Rainfall warnings, special weather statements issued for B.C.'s North Coast, including Kitimat

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Forecasters have issued a rainfall warning for parts of B.C.'s North Coast due to anticipated rain on Sunday and Monday. (Ben Nelms/CBC - image credit)
Forecasters have issued a rainfall warning for parts of B.C.'s North Coast due to anticipated rain on Sunday and Monday. (Ben Nelms/CBC - image credit)

Environment Canada has issued rainfall warnings and special weather statements for B.C.'s North Coast, as two separate weather systems are set to soak the region with rain.

The rainfall warning is in place for inland sections including Kitimat, with up to 75 millimetres of rain set to fall there. Rainfall has already started in the region, and is expected to be heaviest on Monday, according to the forecaster.

On the coast, including Prince Rupert, a special weather statement has been issued for up to 100 millimetres of rain. It's the first significant rainfall in the area since spring.

B.C.'s River Forecast Centre has also issued a high streamflow advisory for the North and Central Coasts due to the anticipated rainfall.

"Today [Sunday], we're kind of in between two systems," said Yimei Li, a meteorologist for Environment and Climate Change Canada. "We are anticipating the rainfall to intensify as sort of a ... atmospheric river to set up starting tomorrow."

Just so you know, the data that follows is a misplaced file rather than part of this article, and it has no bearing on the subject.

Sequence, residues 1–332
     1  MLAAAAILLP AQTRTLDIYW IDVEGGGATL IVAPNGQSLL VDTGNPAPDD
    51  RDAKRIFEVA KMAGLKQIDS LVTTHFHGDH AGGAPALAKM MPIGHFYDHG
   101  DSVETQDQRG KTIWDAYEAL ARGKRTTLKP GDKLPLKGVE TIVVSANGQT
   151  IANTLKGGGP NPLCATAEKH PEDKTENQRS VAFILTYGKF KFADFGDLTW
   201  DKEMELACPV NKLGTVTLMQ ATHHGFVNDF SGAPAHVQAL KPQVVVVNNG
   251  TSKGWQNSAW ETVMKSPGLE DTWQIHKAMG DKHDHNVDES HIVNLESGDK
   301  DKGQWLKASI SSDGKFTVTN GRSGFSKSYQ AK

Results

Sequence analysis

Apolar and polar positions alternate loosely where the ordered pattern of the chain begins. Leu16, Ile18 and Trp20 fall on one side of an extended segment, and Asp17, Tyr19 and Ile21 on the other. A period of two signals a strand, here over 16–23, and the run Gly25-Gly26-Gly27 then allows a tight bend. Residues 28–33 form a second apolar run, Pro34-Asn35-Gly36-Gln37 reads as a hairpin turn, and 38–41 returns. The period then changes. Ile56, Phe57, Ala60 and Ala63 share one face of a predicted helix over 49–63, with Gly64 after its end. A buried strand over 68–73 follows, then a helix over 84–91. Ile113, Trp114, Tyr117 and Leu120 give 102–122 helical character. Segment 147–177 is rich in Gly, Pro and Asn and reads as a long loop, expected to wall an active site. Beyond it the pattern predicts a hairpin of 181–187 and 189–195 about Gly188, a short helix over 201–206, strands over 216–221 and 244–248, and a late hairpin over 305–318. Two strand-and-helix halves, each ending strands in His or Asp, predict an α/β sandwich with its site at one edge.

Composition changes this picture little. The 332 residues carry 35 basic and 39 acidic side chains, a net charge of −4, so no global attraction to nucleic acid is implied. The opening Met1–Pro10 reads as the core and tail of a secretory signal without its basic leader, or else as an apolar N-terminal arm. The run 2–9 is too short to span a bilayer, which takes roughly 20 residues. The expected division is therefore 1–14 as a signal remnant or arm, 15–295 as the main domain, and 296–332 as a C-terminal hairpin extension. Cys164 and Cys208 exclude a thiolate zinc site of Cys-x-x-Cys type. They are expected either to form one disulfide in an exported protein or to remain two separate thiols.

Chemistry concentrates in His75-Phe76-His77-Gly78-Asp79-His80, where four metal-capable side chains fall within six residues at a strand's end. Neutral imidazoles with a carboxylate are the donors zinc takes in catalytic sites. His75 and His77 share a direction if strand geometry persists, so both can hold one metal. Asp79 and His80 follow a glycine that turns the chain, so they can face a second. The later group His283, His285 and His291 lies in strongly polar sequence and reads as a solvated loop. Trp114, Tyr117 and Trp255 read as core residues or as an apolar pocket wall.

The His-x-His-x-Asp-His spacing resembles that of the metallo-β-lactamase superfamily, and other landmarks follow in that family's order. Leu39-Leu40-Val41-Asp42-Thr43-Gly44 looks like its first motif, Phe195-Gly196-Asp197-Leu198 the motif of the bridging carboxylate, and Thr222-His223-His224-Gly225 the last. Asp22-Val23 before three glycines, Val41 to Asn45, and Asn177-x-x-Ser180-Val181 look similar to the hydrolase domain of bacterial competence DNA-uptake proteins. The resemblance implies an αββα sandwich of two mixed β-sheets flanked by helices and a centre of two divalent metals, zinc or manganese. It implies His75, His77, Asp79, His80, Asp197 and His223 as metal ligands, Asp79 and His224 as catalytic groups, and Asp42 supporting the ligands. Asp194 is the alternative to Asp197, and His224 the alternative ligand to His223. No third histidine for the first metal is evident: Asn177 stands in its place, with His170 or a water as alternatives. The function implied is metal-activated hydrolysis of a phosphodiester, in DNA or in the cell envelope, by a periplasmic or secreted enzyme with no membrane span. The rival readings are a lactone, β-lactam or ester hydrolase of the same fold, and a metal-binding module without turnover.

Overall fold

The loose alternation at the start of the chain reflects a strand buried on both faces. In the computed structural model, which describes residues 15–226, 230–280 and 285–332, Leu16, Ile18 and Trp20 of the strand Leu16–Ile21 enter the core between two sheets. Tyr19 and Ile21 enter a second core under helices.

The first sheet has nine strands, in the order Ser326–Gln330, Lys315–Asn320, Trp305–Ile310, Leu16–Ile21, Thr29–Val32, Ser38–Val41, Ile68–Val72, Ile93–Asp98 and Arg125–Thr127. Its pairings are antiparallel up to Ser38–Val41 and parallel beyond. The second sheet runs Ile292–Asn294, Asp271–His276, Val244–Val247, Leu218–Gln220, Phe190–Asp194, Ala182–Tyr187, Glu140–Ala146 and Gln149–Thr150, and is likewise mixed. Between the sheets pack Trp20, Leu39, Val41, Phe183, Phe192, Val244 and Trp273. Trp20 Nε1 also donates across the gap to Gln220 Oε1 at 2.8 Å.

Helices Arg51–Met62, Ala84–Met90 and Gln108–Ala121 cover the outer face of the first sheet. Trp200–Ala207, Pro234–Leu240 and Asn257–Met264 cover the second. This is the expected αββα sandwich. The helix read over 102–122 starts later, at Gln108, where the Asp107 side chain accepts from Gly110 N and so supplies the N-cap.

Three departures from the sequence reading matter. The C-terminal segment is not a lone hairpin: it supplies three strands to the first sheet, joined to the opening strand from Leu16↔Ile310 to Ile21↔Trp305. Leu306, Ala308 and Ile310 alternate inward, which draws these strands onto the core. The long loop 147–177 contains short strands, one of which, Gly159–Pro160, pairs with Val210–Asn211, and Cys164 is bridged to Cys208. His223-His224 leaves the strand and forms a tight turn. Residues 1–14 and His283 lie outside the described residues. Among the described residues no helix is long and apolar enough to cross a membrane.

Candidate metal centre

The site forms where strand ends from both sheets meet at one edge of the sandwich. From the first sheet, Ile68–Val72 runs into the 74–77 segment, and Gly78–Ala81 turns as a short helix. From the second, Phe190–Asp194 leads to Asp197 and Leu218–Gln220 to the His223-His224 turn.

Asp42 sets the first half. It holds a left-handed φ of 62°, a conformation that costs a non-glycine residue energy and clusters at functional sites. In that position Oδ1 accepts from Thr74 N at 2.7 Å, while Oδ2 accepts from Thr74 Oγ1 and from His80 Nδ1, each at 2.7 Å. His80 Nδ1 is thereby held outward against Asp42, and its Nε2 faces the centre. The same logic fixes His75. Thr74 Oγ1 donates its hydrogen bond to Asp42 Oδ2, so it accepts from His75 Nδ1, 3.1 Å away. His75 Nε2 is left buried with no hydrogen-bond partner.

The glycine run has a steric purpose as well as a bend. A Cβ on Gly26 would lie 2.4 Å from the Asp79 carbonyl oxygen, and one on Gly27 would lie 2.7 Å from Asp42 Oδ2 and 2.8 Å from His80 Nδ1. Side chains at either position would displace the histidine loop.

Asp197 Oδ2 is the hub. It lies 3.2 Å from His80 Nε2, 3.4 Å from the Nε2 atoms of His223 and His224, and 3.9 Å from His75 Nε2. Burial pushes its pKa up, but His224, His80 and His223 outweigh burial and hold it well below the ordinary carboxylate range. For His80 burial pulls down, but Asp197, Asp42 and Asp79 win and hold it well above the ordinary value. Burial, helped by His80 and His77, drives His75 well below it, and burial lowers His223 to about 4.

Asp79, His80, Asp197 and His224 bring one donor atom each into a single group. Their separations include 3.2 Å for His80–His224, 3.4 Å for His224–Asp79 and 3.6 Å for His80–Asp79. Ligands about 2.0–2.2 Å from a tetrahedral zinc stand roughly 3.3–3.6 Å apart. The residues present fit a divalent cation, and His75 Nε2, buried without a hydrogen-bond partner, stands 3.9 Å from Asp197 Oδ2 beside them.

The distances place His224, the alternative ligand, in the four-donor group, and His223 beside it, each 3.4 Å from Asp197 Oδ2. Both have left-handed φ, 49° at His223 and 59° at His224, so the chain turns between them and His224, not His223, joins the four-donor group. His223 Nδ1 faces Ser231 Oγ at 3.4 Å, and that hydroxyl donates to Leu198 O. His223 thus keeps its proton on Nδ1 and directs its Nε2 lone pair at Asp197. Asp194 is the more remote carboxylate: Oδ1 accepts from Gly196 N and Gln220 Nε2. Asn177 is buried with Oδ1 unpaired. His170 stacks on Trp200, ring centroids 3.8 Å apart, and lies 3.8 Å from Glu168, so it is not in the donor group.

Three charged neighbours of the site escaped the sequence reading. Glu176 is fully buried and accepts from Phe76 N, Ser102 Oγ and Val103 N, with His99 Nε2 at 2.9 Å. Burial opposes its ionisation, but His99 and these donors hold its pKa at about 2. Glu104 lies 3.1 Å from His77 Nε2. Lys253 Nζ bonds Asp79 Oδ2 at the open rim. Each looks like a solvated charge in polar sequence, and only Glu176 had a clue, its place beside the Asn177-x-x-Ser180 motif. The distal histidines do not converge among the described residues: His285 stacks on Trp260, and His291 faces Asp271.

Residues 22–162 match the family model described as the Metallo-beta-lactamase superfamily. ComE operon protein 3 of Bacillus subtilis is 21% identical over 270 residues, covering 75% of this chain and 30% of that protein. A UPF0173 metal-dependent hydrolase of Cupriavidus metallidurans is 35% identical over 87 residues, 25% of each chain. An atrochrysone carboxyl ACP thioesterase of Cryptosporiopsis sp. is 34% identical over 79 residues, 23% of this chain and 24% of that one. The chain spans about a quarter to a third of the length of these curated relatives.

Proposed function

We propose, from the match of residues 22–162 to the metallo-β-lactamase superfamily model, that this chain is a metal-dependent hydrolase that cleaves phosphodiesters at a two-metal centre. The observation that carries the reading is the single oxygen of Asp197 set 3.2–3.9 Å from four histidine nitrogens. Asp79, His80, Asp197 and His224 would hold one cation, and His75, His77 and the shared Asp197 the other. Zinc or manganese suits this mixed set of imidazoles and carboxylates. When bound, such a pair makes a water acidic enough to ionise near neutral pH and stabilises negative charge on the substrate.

A rainfall warning isn't being issued for the coastal regions yet because the criteria for a warning there is higher, according to Li.

The rains currently soaking the region are flowing from the Pacific Ocean, but the atmospheric river set to begin on Monday will change direction, she said.

Fresh special weather statements may be issued after the current system subsides on Monday, according to Li.

"The message should be: stay clear of fast flowing rivers and potentially unstable riverbanks," she said. "There could be localized flooding in low lying areas."

In addition to the rainfall warnings up north, there are also smoky skies bulletins in place for the South Thompson and Fraser Canyon regions, including Lytton, due to wildfire smoke.